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Hepatitis C in Egypt

Zainab D. Mezban, MD
and Adil Ed Wakil, MD

The World Health Organization has declared hepatitis C a global health problem, with approximately 3% of the world's population (roughly 170-200 million people) infected with HCV. In the US, approximately 3 million people are chronically infected, many of whom are still undiagnosed. In Egypt the situation is quite worse. Egypt has a population of 62 million and contains the highest prevalence of hepatitis C in the world. The national prevalence rate of HCV antibody positivity was estimated by the Egyptian Ministry of Health (MOHP) in 1999 to be 18.9%. Since 25-30% of individuals clear the infection, the estimated adjusted national prevalence rate is 12% (or 7.2 million people) (MOHP, 1999). Interestingly, genotype 4 represents over 90% of cases in Egypt. Chronic HCV is the main cause of liver cirrhosis and liver cancer in Egypt, and indeed, one of the top five leading causes of death. In Egypt, the major route of exposure appears to be due to medical therapy and inadequate sterilization techniques and supplies. In addition to blood transfusions prior to 1994, the major risk factor associated with HCV infection is a history of antischistosomal injection treatment. Schistosomiasis is a common parasitic disease in Egypt acquired through swimming or wading in contaminated irrigation channels or standing water. Thus, farmers and rural populations are at greatest risk, and this is supported by the higher prevalence rate of HCV in the Nile delta and rural areas. Schistosomiasis can lead to urinary or liver damage over many years. Prior to 1984 the mainstay of treatment was intravenous tartar emetic. Widespread treatment campaigns were carried out in the countryside of Egypt in the 70's and early 80's. Needles were routinely recycled and not properly sterilized at that time due to cost and limited resources. Overall, despite improvement in schistosomiasis-induced morbidity this campaign set the stage for the current large hepatitis disease burden in Egypt. Further, with such a high prevalence rate, transmission of hepatitis C through unusual routes has become significant. For example, tattooing, circumcision or other medical procedures performed by non-medical personnel are more common routes of infection in Egypt than elsewhere. In addition, household transmission, vertical and sexual transmission routes are also under investigation.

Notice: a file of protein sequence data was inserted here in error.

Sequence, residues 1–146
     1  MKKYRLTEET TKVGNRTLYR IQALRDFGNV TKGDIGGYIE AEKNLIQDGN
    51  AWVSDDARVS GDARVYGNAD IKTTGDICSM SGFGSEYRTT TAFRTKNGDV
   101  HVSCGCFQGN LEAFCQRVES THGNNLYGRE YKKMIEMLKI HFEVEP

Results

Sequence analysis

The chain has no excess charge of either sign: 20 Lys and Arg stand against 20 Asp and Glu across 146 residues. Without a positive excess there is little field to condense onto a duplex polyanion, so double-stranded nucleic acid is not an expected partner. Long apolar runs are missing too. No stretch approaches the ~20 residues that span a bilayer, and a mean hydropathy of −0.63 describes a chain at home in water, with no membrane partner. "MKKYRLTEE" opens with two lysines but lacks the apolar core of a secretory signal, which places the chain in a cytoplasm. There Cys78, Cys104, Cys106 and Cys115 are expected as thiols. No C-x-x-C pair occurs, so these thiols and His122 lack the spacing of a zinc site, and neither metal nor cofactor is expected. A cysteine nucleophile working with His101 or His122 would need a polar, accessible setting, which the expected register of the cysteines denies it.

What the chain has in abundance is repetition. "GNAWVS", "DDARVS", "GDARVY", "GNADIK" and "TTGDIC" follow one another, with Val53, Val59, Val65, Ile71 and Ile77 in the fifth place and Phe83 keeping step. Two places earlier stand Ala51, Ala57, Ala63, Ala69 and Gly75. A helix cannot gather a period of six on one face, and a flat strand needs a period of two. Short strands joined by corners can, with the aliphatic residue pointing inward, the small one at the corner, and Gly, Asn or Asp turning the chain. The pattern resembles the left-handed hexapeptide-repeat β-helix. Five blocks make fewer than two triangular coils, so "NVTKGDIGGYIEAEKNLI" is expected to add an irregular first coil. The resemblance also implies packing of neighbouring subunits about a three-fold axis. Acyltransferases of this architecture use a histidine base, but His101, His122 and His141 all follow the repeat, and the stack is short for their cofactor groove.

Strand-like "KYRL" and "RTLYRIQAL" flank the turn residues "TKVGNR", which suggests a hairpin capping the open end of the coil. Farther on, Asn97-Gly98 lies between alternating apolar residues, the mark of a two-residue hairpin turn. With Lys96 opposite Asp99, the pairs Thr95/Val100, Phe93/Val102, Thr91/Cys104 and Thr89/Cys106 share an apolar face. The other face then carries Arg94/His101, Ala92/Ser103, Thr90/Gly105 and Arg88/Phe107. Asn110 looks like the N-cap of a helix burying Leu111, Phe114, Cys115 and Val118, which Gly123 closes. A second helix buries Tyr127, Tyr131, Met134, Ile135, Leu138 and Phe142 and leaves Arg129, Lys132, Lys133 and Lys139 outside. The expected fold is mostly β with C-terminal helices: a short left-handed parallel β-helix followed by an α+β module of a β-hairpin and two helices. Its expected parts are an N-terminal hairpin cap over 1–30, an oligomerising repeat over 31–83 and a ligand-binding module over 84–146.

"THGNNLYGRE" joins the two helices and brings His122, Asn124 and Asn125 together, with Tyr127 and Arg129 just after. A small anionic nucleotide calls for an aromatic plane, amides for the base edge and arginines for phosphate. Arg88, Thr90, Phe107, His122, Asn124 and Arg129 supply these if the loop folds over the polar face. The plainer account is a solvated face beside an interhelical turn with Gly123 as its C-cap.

As expected, the availability and cost of treatment for hepatitis C in Egypt is quite prohibitive. Although the most common methods of previous hepatitis C transmission (injection-based treatment for schistosomiasis and blood transfusions) have been addressed, the prevalence in those under age 20 is still approximately 10%, demonstrating the continued presence of significant hepatitis C transmission in modern-day Egypt. Egypt is in need of additional training, funding and research in order to combat the hepatitis C epidemic.

Sustainable Sciences Institute (SSI) is a nonprofit organization founded by Dr. Wakil and colleagues to assist researchers in developing countries with skills and resources so they might better address local public health needs. SSI has established a program focusing on hepatitis C in Egypt. We have been working together with Egyptian colleagues to establish consensus regarding the current hepatitis C situation and a research agenda for the future. Providing journals, textbooks, and up-to-date information on hepatitis C and research techniques is also a priority.

SSI recently conducted a two-week workshop in Egypt from September 28th through October 10th, 2002 in collaboration with the National Hepatology and Tropical Medicine Research Institute. The workshop trained a total of 49 participants from different disciplines from research, clinical, and epidemiological disciplines. Dr. Mohamed Abdel-Hamid, who was involved in coordinating the workshop, stated that "participants are telling me that this is the best workshop they have ever attended." The workshop included lectures, group discussions, and most importantly hands on training of laboratory techniques and research methods. Participants are currently developing full project proposals for review, and ultimately, pilot grants will be awarded. These efforts of collaboration with local experts and the enhancement of training and funding will, hopefully, make a difference in Egypt's struggle to address the hepatitis C burden.

For more information on SSI, please visit our web-site: www.ssilink.org

For more information about Egypt, check out:

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